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Doping Scandal Hits The Sport Of…… Pigeon Racing??

Pigeon Racing

Performance enhancing drugs have, bizarrely, found their way into the world of competitive pigeon racing:

They no doubt would plead ignorance. Or blame their coaches. Or say they were victims of jealous rivals who spiked their water bottles with banned substances, or claim that the liquid they had been squirting under their tongues was only flaxseed oil, not performance-enhancing drugs meant to turn them into rockets.

They would blame anyone but themselves.

But that’s only if they could talk — which they can’t. That is because the latest doping scandal in sports does not involve Tour de France-winning cyclists or All-Star third basemen or Olympic sprinters. This one is about birds.

The world of pigeon racing was rocked to its core this week — no joke — when six Belgian birds failed tests for banned performance-enhancing drugs.

According to multipl.e news reports, five birds tested positive for a human painkiller that combats inflammation, and another tested positive for cocaine. Top officials at an association of pigeon fanciers in the country said they were shocked at the news.

Others in the sport said that they were not surprised that pigeons had been caught doping because pigeon racing has gained in popularity in recent years, becoming a big-money, even a glamorous, endeavor. Last May, a pigeon named Usain Bolt — for the Olympic sprinting champion from Jamaica — was sold to a Chinese businessman for about $430,000.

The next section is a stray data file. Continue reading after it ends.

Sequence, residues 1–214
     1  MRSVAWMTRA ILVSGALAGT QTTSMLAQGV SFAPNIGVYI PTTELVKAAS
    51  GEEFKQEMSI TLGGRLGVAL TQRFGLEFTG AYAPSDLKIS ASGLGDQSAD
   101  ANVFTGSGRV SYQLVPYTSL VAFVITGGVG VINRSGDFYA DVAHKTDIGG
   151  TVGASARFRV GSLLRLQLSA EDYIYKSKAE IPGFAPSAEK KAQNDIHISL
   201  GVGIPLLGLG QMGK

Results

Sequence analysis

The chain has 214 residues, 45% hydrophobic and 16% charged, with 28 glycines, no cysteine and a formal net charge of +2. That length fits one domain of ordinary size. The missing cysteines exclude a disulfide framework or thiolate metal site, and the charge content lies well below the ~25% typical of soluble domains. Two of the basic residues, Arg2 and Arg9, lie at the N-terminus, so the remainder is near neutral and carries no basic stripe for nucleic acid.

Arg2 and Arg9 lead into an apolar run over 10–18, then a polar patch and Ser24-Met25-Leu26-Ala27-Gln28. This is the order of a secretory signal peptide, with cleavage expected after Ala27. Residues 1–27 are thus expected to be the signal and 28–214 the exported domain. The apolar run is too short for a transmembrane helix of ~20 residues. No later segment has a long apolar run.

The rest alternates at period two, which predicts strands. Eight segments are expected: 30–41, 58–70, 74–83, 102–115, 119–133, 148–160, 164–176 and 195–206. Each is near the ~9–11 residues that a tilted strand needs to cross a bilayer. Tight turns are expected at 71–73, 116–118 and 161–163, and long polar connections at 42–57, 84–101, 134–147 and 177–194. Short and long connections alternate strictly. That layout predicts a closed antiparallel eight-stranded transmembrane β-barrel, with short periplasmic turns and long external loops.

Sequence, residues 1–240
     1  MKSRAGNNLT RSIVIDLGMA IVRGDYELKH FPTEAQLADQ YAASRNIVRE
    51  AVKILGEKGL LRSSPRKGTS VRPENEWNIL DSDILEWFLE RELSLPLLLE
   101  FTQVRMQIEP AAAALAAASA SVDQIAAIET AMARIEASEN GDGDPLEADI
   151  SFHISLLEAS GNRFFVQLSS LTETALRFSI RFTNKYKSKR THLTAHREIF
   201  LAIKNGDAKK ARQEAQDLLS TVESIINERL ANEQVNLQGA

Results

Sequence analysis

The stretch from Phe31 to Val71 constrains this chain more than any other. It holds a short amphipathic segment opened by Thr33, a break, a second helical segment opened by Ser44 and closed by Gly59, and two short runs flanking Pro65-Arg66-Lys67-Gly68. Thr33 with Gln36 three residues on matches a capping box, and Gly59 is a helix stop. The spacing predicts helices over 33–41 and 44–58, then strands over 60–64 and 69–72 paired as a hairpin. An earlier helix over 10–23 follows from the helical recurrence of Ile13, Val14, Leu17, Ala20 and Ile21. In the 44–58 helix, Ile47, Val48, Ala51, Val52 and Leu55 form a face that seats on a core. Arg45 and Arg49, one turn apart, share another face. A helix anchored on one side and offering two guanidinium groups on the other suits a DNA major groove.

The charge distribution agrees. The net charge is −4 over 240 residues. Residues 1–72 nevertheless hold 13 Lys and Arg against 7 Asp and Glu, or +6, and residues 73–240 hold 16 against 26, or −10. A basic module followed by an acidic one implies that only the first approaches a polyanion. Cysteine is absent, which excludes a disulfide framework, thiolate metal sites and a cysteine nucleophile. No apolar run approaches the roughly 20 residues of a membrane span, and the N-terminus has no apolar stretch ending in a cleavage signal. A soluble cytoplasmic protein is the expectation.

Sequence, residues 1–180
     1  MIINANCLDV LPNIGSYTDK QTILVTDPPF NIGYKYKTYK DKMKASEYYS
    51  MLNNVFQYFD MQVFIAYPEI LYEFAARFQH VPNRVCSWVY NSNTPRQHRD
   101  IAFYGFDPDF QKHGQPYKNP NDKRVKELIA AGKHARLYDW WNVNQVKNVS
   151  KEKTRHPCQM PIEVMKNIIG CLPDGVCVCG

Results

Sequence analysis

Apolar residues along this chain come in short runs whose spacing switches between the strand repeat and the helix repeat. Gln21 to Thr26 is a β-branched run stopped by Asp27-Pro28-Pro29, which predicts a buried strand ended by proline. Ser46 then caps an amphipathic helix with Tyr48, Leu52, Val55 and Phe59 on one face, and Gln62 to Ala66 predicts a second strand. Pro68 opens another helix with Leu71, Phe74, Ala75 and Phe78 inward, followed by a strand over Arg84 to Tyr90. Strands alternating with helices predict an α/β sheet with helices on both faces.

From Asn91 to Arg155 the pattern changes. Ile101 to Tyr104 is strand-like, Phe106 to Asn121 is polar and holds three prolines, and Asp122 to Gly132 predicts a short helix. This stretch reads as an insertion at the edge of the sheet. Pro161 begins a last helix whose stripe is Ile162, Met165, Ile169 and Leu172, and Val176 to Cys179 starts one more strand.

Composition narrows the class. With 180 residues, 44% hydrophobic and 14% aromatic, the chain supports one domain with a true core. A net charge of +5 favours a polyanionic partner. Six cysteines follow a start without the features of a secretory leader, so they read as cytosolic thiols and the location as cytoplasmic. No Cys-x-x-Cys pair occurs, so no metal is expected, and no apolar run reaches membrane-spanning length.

We can only pretend to know what evils exist within the downy underbelly of pigeon racing, but it could be fun to guess. So let’s make something up:

The identities of the birds who tested positive are not known. Two people briefed on the situation, however, said that pigeons named Ben Johnson, Marion Jones and Lance Armstrong were under suspicion. The two people did not want their names published because they did not want to be seen as violating pigeon racing’s well-known code of silence, which for decades has kept the sport’s culture of doping out of the public’s eye.

The pigeons, being pigeons, were unavailable for comment.

I wonder if one of them is named Lance Armstrong.

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About Doug Mataconis
Doug holds a B.A. in Political Science from Rutgers University and J.D. from George Mason University School of Law. He joined the staff of OTB in May, 2010 and also writes at Below The Beltway. Follow Doug on Twitter | Facebook

Comments

  1. Jeremy says:

    Drug tests? They’re for the birds.

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  2. al-Ameda says:

    Why not Human Growth Hormones for pigeons?

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  3. Franklin says:

    One of them tested positive for cocaine? No wonder they were flying high.

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